The government’s Offshore Wind Champion said it was a “national disgrace” that maintenance work on the UK’s flagship floating wind project off Aberdeen had to be conducted overseas.
In a fireside chat during the All-Energy conference in Glasgow on Wednesday, Tim Pick said it was “embarrassing” that work to install and maintain the Kincardine floating wind farm off Aberdeen was carried out overseas.
Completed in 2021, the 50-MW scheme consists of five floating V164-9.5MW Vestas turbines anchored nine miles off the Granite City.
Yet developers have recently battled a series of technical issues at the site, and were last year forced to remove one a turbine and tow it to port in Rotterdam for a patch-up.
“I love the fact that we have the world’s leading floating offshore wind farm, it’s brilliant and I bang on about it as much as anyone else,” Mr Pick said.
“But the fact that we couldn’t build it from here and we can’t even fix it from here when it’s broken is, to my mind, a national disgrace.
“We call ourselves a maritime nation and yet we can’t do this stuff.”
Mr Pick recently prepared a report on the health of the wind sector, with ports flagged as one area of concern in ensuring a sustainable future for the UK and its wind supply chain.
He jokingly told Wednesday’s conference that he hoped some of the findings would help “shame” ministers into taking the issue seriously.
“It’s embarrassing. We’re an island country with loads of ports but we don’t have the right ones. I think we need a special programme to really accelerate this.”
‘Decoupling’ port investment
Released in April, Mr Pick’s report found that grid access and a lengthy planning process are the major limiting factors in plans to expand offshore wind capacity.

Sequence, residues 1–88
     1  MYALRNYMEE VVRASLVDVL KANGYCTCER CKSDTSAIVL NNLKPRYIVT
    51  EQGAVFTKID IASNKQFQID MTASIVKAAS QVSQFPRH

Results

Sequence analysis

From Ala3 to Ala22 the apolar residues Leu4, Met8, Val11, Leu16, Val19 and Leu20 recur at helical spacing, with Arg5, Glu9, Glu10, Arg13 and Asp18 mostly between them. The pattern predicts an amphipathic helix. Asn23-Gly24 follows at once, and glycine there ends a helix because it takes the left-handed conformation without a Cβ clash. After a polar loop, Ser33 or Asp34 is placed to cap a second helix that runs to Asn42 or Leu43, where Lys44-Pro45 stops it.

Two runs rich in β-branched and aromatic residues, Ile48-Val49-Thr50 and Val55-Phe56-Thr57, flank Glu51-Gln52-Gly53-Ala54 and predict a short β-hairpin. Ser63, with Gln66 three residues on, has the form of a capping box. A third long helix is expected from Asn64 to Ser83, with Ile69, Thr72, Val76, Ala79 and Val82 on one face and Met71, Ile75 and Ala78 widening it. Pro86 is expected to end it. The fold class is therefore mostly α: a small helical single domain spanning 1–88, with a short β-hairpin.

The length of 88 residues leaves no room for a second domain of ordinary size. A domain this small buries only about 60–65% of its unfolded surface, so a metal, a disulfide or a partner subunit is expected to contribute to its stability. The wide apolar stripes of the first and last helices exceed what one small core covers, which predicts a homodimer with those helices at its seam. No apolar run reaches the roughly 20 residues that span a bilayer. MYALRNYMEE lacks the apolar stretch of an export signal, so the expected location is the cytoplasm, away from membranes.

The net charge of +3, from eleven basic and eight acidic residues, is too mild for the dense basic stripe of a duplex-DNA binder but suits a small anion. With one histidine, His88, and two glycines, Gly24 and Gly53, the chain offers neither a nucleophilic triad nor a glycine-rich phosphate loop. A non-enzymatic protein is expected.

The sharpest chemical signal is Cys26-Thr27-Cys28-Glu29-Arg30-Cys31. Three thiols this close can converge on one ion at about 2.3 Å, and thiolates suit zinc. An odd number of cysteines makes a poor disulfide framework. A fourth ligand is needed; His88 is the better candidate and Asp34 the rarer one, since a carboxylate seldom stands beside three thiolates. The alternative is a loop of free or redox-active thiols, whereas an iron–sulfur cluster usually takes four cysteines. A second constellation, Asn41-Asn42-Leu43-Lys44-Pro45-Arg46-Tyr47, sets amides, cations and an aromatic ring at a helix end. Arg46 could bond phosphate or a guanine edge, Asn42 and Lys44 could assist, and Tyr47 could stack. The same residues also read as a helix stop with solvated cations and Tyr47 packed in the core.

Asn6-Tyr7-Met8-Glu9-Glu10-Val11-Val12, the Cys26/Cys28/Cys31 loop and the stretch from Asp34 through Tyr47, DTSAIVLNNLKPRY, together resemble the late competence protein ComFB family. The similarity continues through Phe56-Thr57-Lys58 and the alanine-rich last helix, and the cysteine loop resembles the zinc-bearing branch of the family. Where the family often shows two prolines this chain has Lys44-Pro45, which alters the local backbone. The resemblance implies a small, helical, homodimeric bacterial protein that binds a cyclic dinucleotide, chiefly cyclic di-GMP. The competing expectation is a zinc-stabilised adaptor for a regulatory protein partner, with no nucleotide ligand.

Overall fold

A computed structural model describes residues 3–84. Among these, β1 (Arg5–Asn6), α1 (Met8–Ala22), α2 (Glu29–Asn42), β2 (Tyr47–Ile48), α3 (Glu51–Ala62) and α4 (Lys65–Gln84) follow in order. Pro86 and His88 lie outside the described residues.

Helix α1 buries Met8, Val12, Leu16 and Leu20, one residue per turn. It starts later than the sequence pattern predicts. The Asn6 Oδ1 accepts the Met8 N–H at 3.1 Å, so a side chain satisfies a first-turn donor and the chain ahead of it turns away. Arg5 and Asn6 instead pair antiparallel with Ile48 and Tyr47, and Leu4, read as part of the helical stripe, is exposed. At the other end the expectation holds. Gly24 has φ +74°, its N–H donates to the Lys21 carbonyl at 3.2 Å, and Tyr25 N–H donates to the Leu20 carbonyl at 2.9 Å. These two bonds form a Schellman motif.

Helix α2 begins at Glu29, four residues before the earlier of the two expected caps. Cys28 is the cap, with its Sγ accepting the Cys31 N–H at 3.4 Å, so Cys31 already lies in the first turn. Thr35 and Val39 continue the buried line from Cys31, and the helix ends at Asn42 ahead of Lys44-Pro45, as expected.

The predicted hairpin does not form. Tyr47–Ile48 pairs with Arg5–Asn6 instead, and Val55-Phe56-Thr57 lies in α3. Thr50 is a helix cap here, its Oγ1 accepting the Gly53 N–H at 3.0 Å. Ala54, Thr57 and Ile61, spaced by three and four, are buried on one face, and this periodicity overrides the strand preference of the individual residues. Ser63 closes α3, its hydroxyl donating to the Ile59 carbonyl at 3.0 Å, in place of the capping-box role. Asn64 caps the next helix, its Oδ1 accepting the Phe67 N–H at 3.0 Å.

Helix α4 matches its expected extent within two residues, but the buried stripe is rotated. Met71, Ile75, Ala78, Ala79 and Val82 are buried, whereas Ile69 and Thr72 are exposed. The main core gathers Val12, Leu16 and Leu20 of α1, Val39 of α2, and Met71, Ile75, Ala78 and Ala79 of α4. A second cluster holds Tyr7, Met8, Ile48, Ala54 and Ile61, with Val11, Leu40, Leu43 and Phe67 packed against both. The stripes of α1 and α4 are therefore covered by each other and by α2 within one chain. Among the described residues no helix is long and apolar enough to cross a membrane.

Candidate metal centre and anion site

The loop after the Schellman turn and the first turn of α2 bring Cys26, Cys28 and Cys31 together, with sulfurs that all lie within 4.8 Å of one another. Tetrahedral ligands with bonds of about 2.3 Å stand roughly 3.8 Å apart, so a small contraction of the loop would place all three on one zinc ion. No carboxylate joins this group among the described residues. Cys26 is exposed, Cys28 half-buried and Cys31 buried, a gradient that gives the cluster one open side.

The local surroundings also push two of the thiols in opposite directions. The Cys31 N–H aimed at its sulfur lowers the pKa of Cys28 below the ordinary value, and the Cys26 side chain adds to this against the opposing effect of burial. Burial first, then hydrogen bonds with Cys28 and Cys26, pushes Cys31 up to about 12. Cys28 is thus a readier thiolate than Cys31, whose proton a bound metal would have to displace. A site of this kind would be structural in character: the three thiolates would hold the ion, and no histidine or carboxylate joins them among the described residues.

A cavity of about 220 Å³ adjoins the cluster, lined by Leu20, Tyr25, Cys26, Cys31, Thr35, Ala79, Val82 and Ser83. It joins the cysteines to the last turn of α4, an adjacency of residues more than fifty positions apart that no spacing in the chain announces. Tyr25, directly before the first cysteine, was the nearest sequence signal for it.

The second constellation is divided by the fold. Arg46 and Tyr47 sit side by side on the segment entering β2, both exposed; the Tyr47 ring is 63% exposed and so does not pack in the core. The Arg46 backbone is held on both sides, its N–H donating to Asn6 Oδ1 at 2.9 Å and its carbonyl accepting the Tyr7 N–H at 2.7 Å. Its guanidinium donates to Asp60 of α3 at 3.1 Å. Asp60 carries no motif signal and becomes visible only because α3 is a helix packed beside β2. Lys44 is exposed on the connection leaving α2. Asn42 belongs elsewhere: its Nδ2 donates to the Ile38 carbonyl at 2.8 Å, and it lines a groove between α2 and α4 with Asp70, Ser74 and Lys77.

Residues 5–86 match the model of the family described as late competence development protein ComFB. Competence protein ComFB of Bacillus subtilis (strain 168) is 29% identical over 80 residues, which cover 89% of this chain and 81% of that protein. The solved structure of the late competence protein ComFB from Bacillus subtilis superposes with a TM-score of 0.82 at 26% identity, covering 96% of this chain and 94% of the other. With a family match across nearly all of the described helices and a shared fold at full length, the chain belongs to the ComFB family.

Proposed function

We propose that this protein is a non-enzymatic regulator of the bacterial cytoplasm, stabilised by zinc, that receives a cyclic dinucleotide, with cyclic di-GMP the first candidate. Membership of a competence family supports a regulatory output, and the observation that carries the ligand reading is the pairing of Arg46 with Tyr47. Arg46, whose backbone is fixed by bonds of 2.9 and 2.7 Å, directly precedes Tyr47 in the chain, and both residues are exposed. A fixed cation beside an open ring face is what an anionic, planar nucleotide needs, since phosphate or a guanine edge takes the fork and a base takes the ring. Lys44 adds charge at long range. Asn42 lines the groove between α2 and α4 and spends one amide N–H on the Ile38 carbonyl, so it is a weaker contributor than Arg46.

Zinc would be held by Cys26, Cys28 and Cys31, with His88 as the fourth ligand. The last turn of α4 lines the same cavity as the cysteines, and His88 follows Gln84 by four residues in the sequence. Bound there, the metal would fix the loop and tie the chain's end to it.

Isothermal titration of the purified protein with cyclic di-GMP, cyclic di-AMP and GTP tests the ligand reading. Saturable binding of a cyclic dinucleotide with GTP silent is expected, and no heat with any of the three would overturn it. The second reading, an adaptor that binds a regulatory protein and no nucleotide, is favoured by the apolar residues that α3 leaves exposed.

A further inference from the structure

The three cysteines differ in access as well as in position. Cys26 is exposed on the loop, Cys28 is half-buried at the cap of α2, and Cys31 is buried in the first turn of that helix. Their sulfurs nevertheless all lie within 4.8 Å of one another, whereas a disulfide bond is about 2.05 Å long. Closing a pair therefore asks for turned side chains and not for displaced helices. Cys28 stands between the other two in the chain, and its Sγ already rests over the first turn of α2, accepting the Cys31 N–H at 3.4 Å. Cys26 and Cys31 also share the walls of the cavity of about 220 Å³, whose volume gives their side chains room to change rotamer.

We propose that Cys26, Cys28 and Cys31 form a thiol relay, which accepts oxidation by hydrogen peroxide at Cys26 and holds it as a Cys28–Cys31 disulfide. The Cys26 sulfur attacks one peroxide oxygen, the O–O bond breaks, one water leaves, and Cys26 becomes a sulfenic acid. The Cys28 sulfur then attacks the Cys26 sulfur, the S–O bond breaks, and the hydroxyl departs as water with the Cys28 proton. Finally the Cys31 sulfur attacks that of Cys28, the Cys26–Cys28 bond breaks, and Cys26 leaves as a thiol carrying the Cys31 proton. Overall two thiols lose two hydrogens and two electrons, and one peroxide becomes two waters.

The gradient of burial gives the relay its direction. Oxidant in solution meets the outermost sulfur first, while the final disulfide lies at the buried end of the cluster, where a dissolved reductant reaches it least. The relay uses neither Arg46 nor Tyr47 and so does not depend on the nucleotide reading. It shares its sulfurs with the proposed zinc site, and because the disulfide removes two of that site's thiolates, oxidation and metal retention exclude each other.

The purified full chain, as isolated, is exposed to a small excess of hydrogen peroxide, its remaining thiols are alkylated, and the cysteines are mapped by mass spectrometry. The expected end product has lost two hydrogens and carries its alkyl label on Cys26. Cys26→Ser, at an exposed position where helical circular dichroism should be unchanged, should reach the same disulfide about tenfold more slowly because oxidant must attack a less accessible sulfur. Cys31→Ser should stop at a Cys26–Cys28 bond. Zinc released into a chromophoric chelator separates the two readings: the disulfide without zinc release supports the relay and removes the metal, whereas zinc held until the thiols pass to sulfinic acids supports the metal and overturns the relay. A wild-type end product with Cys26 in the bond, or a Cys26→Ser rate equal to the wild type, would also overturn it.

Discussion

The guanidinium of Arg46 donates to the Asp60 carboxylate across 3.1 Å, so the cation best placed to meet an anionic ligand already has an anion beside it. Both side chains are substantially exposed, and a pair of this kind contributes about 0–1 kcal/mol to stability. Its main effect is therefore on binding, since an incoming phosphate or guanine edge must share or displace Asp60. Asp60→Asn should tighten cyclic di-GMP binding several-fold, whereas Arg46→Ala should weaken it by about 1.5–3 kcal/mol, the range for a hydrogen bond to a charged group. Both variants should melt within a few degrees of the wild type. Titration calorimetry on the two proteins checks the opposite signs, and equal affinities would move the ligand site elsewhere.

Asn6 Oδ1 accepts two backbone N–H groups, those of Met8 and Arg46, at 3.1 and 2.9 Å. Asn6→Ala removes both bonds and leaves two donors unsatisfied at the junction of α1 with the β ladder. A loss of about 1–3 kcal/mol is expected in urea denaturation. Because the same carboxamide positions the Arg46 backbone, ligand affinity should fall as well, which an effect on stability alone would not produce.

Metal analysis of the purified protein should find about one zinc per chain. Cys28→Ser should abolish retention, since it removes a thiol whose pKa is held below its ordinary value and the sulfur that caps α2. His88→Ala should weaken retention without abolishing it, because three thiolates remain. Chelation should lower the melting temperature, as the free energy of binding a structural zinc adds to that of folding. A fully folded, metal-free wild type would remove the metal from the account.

Years of under-investment in network infrastructure, coupled with a massive ramp up in renewables means grid constraints are now becoming “a significant brake on wider economic activity, not just on offshore wind farms,” he said.
Reflecting on his findings, he told All-Energy delegates that ports would be the “absolute key enabler” for much of the UK’s wind activity in future.
11 ports across Scotland and the UK are in need of upgrading at a cost of around £4bn he said – investment which will be essential to the future of the wind sector.
“If you want these ports – which I think you need as it’s not like you can outsource this forever, especially with Europe going crazy for offshore wind as well – you need to decouple port investment from the wind projects,” he added.
He suggested there may be a role for government to provide “some kind of capacity-type instrument” to help guarantee funding, which would allow ports to invest without worries around policy, offshore leasing rounds or the timing of major developments.
This would in help provide a minimum floor of revenue, he suggested, to help “decouple port investment risk from the market risk of offshore wind”.
Nevertheless, he welcomed the recent £300m investment in Ardersier which he said may well show industry is already bucking the trend.
ScotWind and ports capacity
ScotWind, the massive seabed auction which made its awards last year, has potential to see 28 gigawatts of offshore wind developments off Scotland’s shores.
That’s nearly three times the existing amount offshore wind across the entire UK.
To help meet that, rapid investment in Scotland’s ports – as well as a coordinated approach on delivery – is a must, as outlined by former First Minister Nicola Sturgeon last year.
But the UK cannot provide that scale of development on its own – and it comes as offshore wind ramps up globally, particularly in areas like the EU and US, driving a supplier crunch.
Commercial-scale floating dominates ScotWind awards, and Tim Pick’s report highlights that, for Scotland’s projects alone, three to five integration ports are needed by 2030.
Following ScotWind, Scotland now accounts for 72% (30 GW) of seabed leases granted, but not yet developed, in the UK.